AI Puts Voice Impersonation on Steroids – Why and How Organizations can Minimize the Risks

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Earlier this year, fraudsters used Artificial Intelligence to mimic the voice of the CEO of a German energy company in order to dupe the boss of its UK subsidiary to send USD 243,000 to a Hungarian supplier. According to the company’s insurer Euler Hermes, the money ended up disappearing into dubious bank accounts in Mexico and elsewhere.

Voice impersonation (aka ‘vishing' or voice phishing) fraud has been a real concern for banks and other types of organization for years. Whilst vishing is currently estimated to account for a mere 1% of phishing attacks, its use for cybercrime is estimated to have increased over 350% since 2013. 

AI puts voice impersonation on steroids
AI increases the risks of voice impersonation. Not only is AI voice software freely available, convincing impersonations can be hatched in little time. A recent Israeli National Cyber Directorate study found that software now exists that can accurately mimic someone's voice after listening to it for 20 minutes. Artificial voice company Lyrebird promises anyone can create a digital voice that sounds like you, or anyone else, in only a few minutes.

The more convincing the impersonation, the greater the sums those duped may be induced to hand over. Cybersecurity firm Symantec says it knows of at least three cases of executives’ voices being impersonated for fraudulent ends, with loses in one case totaling millions of dollars.

Reputation is as big a threat as fraud 
Voice impersonation has many uses beyond fraud and with AI voice software now freely available online, convincing fake news stories, hoaxes and reputational attacks are eminently possible.

Canadian psychology professor Jordan Peterson recently found himself at the mercy of a website where anyone could generate clips of themselves saying whatever they wanted in his voice. Most deepfakes poke fun at or, in the case of Mark Zuckerberg, seek to expose hypocrisy. But much of the content generated by Peterson’s website was vulgar and abusive, forcing him to threaten legal action. 

Fortunately, the relatively limited nature of current AI audio technologies has meant the numbers have so far been small and the damage limited. But these technologies are improving fast. Euler Hermes notes the AI software used to defraud the German energy company was able to mimic effectively its CEO’s voice, as well as his tone, punctuation and German accent.

Potential AI voice impersonation reputational threats
It is surely only a matter of time before we see more regular instances of voice impersonation hitting – directly or indirectly – the reputations of companies, governments and other organizations. Scenarios might include:

  • A fake CEO audio message to employees regarding the new company strategy is ‘leaked’ to the outside world, allegedly by a short seller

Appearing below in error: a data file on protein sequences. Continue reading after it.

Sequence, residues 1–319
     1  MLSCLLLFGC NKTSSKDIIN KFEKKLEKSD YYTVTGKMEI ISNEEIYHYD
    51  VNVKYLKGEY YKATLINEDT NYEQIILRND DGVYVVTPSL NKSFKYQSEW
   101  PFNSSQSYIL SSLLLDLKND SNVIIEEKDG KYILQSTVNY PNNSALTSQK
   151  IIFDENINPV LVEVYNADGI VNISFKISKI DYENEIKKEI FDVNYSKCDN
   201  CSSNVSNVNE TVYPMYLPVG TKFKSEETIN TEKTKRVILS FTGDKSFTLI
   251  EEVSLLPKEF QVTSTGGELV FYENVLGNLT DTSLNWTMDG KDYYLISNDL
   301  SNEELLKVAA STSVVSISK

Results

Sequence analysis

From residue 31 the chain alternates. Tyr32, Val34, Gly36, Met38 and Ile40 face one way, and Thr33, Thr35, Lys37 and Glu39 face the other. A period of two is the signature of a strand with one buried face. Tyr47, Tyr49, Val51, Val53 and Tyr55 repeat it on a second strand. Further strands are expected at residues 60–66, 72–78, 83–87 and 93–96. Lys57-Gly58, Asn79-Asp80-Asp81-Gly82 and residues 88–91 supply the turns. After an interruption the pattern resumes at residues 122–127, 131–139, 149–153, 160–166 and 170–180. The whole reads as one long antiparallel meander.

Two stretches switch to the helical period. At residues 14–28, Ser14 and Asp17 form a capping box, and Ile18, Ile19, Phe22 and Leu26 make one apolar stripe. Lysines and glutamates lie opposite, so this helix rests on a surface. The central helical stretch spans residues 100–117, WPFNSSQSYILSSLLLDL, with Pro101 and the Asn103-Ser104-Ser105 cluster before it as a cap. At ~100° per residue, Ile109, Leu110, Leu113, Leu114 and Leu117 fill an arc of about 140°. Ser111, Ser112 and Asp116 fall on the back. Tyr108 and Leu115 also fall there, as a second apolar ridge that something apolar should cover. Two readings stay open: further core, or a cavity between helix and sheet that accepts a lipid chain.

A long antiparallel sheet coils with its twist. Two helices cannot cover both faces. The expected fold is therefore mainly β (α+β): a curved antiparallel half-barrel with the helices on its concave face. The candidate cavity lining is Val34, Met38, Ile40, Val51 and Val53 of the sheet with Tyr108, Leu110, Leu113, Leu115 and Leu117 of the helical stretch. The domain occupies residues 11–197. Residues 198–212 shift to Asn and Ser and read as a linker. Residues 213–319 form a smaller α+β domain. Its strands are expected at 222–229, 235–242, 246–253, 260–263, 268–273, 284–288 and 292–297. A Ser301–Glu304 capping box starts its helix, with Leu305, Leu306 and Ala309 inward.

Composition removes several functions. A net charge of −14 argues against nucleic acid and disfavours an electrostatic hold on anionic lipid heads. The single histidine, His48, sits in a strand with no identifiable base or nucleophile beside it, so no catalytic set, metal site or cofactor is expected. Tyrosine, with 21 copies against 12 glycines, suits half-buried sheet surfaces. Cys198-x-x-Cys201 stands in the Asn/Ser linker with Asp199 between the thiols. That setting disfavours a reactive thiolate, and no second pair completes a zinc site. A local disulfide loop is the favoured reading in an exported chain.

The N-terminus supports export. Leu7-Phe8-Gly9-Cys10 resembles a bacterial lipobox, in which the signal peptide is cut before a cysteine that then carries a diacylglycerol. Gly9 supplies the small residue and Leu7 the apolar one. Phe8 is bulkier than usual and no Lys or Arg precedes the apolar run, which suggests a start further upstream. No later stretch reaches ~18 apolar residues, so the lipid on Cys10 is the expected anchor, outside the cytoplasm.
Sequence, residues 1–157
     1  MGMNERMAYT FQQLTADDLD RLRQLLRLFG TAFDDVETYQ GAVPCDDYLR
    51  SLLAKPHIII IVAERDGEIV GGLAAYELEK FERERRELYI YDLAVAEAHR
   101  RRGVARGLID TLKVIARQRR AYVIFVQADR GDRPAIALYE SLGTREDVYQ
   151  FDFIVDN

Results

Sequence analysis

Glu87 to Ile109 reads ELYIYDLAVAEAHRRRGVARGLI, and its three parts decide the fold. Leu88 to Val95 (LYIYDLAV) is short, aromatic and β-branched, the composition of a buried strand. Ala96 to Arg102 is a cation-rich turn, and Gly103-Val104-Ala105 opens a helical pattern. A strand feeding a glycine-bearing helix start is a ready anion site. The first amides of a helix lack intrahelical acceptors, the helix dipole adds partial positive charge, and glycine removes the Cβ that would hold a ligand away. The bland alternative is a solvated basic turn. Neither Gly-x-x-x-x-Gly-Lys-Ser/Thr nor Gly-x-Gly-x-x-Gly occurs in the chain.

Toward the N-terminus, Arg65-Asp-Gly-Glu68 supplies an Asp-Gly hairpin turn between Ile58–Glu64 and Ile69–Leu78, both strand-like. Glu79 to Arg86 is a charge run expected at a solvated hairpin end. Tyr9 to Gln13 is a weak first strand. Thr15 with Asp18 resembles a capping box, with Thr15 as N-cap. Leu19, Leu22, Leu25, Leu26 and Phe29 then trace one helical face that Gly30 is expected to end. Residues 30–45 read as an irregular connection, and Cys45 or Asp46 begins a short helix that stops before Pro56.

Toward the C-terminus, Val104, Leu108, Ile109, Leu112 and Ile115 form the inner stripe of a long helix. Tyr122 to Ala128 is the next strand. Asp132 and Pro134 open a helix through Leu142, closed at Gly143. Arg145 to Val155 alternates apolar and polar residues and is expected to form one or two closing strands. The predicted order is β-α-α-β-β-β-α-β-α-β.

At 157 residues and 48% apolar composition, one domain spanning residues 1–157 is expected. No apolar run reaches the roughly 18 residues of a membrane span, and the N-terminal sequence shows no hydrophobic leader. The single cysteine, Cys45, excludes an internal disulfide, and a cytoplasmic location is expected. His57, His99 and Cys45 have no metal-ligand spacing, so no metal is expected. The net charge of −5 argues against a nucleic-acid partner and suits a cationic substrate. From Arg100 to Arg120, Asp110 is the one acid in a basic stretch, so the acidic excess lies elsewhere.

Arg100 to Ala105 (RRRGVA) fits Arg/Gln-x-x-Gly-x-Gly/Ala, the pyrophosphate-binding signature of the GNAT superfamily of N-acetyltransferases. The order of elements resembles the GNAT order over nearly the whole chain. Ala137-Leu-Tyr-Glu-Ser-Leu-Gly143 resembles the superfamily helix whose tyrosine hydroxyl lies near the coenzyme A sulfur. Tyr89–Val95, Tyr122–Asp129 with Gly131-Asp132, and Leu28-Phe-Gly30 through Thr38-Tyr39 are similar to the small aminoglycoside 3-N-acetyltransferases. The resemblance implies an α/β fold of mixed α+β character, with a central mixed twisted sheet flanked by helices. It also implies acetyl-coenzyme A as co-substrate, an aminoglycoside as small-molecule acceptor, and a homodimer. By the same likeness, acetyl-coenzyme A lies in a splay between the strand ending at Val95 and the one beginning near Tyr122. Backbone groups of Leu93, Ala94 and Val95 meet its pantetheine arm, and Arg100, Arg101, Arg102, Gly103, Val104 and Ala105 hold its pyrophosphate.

• The voice of a well-known national politician is used to manipulate a senior director into discussing allegations of corporate fraud
  • A fake voice recording of two executive board directors discussing making sexual innuendos about a colleague is used to blackmail the company
  • An outsider gains entrance to a secured office by impersonating the voice of a company employee.

How to mitigate the reputational risks of AI deepfakes
Incidents with a reputational dimension can be difficult to anticipate, and even harder to manage. AI complicates matters considerably. Whilst the risk of AI-fueled voice attacks may not be high priorities, here are five things cyber and security professionals can do to mitigate the problem:

  • Work with your risk management, communications, corporate/public affairs and other relevant teams to identify and assess actual and potential security, financial, reputational and other relevant vulnerabilities.
  • Educate your people, especially those in the public eye, to watch out for and recognize deepfake videos and voice impersonations, and make sure they understand what to do when they see or experience something unusual.
  • Scan regularly for suspicious video and audio files and sites across the internet, social media and other relevant third-party platforms and channels.
  • Be prepared to respond quickly and appropriately to any incident which might impact your reputation. Specifically, make sure your cyber and communications plans are relevant and up to date.
  • Keep abreast of government and technology industry initiatives to combat the scourge of deepfakes, especially those aiming to improve detection and verification.

Artificial Intelligence may have been with us for decades, but the risks of malevolent voice impersonations and other types of deepfakes are only starting to become apparent. Every organization would be wise to consider now what these may mean for their name and image before today’s trickle turns into an avalanche.

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